Donald Tusk, President of the European Council, said on Friday that EU leaders would begin internal preparations for the second phase of Brexit — talks about a trade deal with the UK.
Brexit negotiations had appeared to be in a state of deadlock, with the EU calling for clarification on the financial settlement or "divorce" bill while the UK pushed for parallel talks on trade. Tusk played down difficulties, saying that talk of deadlock had been overblown.
German Chancellor Angela Merkel hinted in the early hours of Friday morning that progress had been made, assuring journalists she was confident that a good Brexit deal would be reached by March 2019. She criticized the British press for presenting the talks as shambolic or running behind schedule: "I find that absolutely absurd. We are in a process," adding that Brexit "will happen within the required timeframe."
Merkel noted that although insufficient progress had been made to move onto formal negotiations with the UK on the future trading relationship, EU leaders wanted to build on the constructive progress of May's Florence speech in September,
when the British Prime Minister struck a more conciliatory tone than before.
"We have made progress, and it is perhaps the nature of the thing that we look at it step by step," Merkel said.
Merkel spoke after a dinner where May delivered her view of talks so far and urged the EU to accelerate the process.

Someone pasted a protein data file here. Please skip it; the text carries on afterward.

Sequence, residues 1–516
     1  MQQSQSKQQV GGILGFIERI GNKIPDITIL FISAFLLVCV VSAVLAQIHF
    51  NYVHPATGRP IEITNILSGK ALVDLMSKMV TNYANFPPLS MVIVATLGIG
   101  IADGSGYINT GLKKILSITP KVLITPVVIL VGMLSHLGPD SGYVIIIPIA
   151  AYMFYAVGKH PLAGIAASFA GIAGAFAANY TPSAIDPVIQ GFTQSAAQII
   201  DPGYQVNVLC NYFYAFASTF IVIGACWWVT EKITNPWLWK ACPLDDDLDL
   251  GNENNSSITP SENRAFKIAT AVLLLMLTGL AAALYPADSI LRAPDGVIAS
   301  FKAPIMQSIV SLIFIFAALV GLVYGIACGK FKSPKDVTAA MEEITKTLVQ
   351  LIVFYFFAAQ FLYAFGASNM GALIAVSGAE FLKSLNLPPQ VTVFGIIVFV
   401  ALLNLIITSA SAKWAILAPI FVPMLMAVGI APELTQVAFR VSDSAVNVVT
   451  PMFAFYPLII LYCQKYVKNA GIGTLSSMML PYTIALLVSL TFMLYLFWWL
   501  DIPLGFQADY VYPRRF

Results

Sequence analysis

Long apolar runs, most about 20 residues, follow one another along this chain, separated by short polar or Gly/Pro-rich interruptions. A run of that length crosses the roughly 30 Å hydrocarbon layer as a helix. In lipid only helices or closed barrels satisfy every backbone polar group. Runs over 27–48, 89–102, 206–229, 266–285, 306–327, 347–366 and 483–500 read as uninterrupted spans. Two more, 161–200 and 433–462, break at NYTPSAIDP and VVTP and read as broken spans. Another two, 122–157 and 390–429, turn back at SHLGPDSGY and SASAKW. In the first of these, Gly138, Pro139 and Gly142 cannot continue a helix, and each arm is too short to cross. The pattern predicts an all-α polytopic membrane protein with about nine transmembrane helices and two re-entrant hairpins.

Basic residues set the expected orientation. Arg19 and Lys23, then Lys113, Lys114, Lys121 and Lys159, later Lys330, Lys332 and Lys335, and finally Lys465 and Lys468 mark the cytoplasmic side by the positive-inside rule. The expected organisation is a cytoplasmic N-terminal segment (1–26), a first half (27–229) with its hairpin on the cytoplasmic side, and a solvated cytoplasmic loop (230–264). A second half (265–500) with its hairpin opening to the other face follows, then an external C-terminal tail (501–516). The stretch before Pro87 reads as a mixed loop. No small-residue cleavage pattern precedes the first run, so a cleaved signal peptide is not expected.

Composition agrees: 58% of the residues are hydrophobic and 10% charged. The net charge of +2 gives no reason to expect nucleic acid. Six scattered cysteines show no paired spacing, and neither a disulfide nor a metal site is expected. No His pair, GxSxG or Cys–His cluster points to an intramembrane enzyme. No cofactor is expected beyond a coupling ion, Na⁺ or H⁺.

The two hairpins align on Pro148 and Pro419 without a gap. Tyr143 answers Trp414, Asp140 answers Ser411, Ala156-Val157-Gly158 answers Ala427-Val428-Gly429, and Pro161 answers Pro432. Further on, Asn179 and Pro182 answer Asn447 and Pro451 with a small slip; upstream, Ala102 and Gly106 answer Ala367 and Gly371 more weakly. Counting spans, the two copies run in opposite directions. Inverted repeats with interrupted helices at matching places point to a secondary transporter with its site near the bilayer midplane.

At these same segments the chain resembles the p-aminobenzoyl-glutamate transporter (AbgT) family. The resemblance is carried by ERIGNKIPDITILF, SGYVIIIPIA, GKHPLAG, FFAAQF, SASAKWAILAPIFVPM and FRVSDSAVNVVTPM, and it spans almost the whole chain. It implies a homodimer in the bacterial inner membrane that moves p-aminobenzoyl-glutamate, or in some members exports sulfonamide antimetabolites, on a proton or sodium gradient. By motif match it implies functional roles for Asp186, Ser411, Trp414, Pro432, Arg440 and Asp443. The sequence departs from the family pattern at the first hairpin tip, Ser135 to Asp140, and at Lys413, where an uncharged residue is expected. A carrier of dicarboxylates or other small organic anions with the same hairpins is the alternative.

It was originally hoped that that an agreement on outstanding issues such as the Irish border, EU citizens' rights and the divorce bill would have been reached by now. Such an agreement may now not come until the council's next meeting in December.
Still, after months of frosty relations between the UK and European leaders, a change in tone was on display from the start of this summit: Merkel and French President Emmanual Macron — the two most influential European leaders — were seen in a very public, cordial huddle with May.
This stands in stark contrast to last December's summit, when photographs of May casting a lonely figure were taken by many to represent the UK's isolation from the other European leaders.
On Friday morning, other EU heads of state followed Merkel's lead — affirming a new impetus in the Brexit negotiations.
Maltese Prime Minister Joseph Muscat praised May's "candid and sincere appeal that she wants progress to be made." The Lithuanian President Dalia Grybauskait? was also optimistic: "It was not expected to have a success in this European Council, we hope that we will be able and she will be able to have a success in December."
What was geared up to be a tense standoff between the British Prime Minister and the EU leaders has ended on an optimistic and cordial note — with Merkel leading the change in tone.
Formal discussions on the shape of the future partnership and trade deal between the UK and EU will not start immediately — as had previously been hoped in London. But Theresa May has succeeded in improving relations with her EU counterparts ahead of the critical sixth round of Brexit negotiations next month.